Although San Francisco authorities haven't enforced it, the local government does have tax provision that requires companies to pay a payroll tax on gains from employee stock options. However, with tax revenues down, many are wondering if the city will take action to collect these funds. Desperate times, right?
Recently, I heard San Francisco Mayor Ed Lee on our local NPR station talking about how important it was to keep Twitter’s headquarters in San Francisco. To those worried that the recent talks between Twitter and the City were stalling, his words must have been reassuring. But if Lee really wants to keep Twitter– and thousands more tech jobs– in San Francisco he needs to defuse this much bigger ticking tax time-bomb now. This isn’t just about keeping Twitter in San Francisco– this has ramifications for San Francisco’s entire startup ecosystem.
To be clear, this is not a trend. Even the federal government considers taxing these options off the table, and we haven’t been able to find a single city in the United States with such a far-reaching tax policy. This would create potentially huge costs for startups that they can sidestep simply by moving a few miles to the North, East or South. If enforced, expect an exodus of San Francisco jobs to surrounding areas.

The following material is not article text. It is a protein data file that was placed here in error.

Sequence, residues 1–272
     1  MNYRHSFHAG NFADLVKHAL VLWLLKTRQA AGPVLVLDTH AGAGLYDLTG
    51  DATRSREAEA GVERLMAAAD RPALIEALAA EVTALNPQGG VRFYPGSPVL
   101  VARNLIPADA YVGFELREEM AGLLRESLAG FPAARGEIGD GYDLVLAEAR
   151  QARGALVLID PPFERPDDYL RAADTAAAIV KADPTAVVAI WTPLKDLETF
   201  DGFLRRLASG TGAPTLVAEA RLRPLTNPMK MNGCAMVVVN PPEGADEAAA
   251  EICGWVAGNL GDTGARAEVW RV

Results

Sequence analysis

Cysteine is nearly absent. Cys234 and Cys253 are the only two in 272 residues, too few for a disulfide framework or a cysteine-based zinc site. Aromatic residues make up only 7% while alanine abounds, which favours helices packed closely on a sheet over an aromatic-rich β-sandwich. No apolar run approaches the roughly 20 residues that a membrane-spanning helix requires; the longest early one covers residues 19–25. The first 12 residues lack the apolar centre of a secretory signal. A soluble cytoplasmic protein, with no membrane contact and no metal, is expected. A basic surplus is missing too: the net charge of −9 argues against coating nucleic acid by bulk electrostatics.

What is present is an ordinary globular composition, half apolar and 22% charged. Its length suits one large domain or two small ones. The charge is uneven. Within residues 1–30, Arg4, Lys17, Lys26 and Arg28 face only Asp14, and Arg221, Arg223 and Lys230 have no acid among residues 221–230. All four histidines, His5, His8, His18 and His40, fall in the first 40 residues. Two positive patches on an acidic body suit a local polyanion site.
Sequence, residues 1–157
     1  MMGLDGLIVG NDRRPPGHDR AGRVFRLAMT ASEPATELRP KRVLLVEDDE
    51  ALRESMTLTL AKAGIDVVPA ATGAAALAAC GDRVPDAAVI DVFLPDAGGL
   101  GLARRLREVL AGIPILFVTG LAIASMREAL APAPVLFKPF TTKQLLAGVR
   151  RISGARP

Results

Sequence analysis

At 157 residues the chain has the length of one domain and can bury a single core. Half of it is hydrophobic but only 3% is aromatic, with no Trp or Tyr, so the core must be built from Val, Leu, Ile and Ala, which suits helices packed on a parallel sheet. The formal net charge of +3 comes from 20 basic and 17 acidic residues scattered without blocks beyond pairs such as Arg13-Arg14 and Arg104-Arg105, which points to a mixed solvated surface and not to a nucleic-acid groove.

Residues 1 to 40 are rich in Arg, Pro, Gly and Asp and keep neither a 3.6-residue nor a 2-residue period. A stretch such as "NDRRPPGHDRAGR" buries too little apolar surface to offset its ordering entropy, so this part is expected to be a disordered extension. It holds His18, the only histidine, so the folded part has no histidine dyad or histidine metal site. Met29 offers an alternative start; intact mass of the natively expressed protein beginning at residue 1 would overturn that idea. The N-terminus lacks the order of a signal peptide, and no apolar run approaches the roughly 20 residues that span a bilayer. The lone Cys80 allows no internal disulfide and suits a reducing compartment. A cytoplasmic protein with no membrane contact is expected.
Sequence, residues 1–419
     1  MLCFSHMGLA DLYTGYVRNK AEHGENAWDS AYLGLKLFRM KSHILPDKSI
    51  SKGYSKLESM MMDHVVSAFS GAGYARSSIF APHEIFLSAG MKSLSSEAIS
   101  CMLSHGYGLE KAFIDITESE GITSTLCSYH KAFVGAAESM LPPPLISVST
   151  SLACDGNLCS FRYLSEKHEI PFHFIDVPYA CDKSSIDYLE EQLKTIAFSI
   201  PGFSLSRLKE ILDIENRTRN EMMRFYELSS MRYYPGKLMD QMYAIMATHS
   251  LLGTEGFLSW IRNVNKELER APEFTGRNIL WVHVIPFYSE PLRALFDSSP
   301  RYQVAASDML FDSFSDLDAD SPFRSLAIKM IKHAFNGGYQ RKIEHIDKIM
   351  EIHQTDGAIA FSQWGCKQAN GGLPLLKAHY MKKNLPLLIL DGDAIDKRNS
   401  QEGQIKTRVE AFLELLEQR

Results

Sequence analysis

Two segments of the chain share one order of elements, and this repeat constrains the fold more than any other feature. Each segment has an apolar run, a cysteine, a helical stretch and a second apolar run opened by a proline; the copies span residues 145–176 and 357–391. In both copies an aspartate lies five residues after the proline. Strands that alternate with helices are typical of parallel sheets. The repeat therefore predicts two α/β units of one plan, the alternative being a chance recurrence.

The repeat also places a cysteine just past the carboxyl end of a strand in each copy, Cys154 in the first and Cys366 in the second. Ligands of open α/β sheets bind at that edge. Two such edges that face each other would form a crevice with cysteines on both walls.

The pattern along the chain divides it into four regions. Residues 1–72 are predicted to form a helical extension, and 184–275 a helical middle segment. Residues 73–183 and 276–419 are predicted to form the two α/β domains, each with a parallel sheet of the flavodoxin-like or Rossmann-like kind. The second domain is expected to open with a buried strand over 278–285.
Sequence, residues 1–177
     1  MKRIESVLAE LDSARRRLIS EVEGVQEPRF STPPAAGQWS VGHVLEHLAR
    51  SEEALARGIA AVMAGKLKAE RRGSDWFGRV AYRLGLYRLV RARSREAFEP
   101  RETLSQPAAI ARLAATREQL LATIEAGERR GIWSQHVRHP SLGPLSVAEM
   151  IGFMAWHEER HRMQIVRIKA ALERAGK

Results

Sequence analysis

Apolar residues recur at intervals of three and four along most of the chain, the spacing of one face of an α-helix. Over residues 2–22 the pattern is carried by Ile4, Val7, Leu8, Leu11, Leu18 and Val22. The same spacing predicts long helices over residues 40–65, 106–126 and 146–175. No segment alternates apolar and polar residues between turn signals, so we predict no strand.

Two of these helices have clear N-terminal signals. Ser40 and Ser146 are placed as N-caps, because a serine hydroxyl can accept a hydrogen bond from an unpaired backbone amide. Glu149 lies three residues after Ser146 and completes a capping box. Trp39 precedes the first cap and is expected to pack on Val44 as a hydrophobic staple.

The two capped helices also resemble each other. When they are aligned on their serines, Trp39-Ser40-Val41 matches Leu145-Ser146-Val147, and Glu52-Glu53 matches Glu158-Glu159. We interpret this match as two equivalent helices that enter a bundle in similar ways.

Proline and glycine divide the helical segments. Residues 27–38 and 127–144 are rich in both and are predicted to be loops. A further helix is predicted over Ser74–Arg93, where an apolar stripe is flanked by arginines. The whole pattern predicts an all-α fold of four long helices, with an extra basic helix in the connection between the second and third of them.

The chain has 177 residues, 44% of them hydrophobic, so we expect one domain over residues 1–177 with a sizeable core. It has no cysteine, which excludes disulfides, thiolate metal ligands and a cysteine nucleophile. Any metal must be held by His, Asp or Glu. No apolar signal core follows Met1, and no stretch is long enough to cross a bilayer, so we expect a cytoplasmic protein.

The provision: Section 902.1 of the San Francisco Business and Tax Code. It was amended in 2004 to include stock options. Here’s the relevant text of the provision (bolding added):
SEC. 902.1. – PAYROLL EXPENSE.
(a) The term “Payroll Expense” means the compensation paid to, on behalf of, or for the benefit of an individual, including shareholders of a professional corporation or a Limited Liability Company (“LLC”), including salaries, wages, bonuses, commissions, property issued or transferred in exchange for the performance of services (including but not limited to stock options), compensation for services to owners of pass-through entities, and any other form of compensation, who during any tax year, perform work or render services, in whole or in part in the City; and if more than one individual or shareholders of a professional corporation or members of an LLC, during any tax year performs work or renders services in whole or in part in the City, the term “Payroll Expense” means the total compensation paid including salaries, wages, bonuses, commissions, property issued or transferred in exchange for the performance of services (including but not limited to stock options), in addition to any compensation for services to owners of pass-through entities, and any other form of compensation for services, to all such individuals and shareholders of a professional corporation or members of an LLC.